April 9 (Bloomberg) -- The koruna declined as inflation in the Czech Republic stayed below the central bank’s target for a third month, fueling speculation on whether policy makers will try to stimulate the economy by weakening the currency.
The inflation rate was 1.7 percent in March, unchanged from February and matching the median estimate in a Bloomberg survey, according to a Statistics Office statement today. The Ceska Narodni Banka in Prague, which lowered borrowing costs three times to 0.05 percent last year, has debated publicly and in private whether to engage in currency interventions amid a record-long recession.
“Risks to the central bank’s inflation forecast are tilted to the downside, and hence towards slightly easier monetary conditions,” Nora Szentivanyi, a London-based economist at JPMorgan & Chase Co., said in an e-mailed report today. “It is more likely that the bank will intervene verbally if needed.”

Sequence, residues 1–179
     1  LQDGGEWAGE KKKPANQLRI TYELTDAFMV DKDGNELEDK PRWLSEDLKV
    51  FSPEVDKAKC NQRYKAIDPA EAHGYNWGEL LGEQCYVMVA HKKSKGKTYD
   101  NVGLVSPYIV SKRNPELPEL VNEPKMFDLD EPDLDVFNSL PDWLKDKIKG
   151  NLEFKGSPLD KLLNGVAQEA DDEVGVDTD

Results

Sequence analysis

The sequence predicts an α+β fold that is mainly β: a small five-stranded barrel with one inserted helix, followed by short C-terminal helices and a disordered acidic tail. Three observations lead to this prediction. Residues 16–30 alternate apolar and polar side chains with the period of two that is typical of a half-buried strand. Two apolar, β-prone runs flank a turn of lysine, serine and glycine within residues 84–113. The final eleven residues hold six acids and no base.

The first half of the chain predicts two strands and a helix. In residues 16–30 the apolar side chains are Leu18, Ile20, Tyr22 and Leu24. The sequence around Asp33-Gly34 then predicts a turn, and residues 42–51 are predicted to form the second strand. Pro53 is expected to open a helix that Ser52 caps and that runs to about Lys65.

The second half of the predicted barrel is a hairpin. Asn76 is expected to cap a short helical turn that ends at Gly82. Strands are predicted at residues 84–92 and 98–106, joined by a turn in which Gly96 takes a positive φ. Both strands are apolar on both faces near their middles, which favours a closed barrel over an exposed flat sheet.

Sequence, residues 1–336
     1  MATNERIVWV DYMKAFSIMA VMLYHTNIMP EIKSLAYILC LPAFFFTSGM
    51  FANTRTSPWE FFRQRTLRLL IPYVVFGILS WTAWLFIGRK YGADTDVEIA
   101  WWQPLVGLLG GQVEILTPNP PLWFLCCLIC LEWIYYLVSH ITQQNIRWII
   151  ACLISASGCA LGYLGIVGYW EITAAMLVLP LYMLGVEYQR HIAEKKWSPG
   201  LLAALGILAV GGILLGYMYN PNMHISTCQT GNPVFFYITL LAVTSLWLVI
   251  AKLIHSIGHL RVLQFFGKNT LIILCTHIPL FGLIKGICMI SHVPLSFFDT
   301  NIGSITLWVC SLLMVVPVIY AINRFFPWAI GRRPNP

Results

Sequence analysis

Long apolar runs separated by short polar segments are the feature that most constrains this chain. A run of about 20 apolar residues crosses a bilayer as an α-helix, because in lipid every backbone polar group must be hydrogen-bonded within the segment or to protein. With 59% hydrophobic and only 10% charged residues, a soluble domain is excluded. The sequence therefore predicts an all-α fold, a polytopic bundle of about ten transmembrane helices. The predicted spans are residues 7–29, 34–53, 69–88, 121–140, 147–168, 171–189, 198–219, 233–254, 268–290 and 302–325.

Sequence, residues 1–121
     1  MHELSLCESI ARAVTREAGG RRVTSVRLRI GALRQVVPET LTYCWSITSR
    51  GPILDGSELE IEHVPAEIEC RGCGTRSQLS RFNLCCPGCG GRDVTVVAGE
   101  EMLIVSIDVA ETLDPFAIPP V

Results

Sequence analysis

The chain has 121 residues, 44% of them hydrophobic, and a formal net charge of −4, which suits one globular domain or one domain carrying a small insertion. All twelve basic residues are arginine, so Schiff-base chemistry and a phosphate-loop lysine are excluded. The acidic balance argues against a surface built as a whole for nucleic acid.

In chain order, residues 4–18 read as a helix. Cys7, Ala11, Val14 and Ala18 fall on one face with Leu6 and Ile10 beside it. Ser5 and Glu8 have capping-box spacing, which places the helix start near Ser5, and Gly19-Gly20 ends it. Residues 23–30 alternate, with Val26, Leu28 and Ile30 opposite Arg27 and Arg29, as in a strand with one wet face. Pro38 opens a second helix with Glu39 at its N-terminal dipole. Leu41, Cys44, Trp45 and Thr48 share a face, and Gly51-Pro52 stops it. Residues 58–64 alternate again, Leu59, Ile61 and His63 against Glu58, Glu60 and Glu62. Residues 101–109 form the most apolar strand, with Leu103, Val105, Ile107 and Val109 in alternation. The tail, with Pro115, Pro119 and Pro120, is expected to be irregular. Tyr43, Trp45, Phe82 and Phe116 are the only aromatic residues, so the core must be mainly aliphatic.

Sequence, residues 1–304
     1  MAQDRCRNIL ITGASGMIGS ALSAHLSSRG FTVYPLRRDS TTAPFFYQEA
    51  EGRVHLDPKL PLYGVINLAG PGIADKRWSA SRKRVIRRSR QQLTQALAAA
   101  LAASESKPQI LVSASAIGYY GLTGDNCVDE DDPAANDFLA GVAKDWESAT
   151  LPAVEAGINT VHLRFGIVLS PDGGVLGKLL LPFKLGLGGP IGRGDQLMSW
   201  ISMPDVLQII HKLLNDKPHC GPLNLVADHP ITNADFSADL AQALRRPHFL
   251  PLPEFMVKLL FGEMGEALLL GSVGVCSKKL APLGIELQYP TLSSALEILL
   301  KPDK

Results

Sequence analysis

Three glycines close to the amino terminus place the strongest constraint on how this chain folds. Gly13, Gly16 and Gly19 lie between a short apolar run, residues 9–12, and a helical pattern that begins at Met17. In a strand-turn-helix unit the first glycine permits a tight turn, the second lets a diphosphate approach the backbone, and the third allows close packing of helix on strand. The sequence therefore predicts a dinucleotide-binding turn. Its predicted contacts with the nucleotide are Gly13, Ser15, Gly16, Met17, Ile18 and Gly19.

The Czech currency depreciated 0.1 percent to 25.754 per euro by 4:22 p.m. in Prague, extending its decline this year to 2.6 percent. Yields on the country’s three-year bonds rose six basis points, or 0.06 percentage point, to 0.45 percent.
The inflation figures were “a bit on the anti-inflationary side” without approaching deflation, Martin Lobotka, a Prague-based analyst at Erste Group Bank AG’s Ceska Sporitelna unit, said in an e-mailed report today.
The more “the central bank has to correct its inflation expectations downwards, the more likely direct currency-market interventions in the second half of 2013 are becoming,” Carolin Hecht, a Frankfurt-based strategist at Commerzbank AG, wrote in an e-mailed report before the inflation figures.
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